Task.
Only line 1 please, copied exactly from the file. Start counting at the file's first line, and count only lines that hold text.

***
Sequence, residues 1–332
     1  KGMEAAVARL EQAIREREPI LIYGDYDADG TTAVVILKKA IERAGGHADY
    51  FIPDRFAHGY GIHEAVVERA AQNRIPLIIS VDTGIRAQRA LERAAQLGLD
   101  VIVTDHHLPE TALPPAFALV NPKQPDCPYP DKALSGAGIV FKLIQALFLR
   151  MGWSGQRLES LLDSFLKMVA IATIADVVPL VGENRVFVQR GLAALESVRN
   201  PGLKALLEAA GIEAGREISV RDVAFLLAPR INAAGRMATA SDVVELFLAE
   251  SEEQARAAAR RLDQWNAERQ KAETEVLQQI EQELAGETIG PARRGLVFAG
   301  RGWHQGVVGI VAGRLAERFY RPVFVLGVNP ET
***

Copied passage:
Sequence, residues 1–332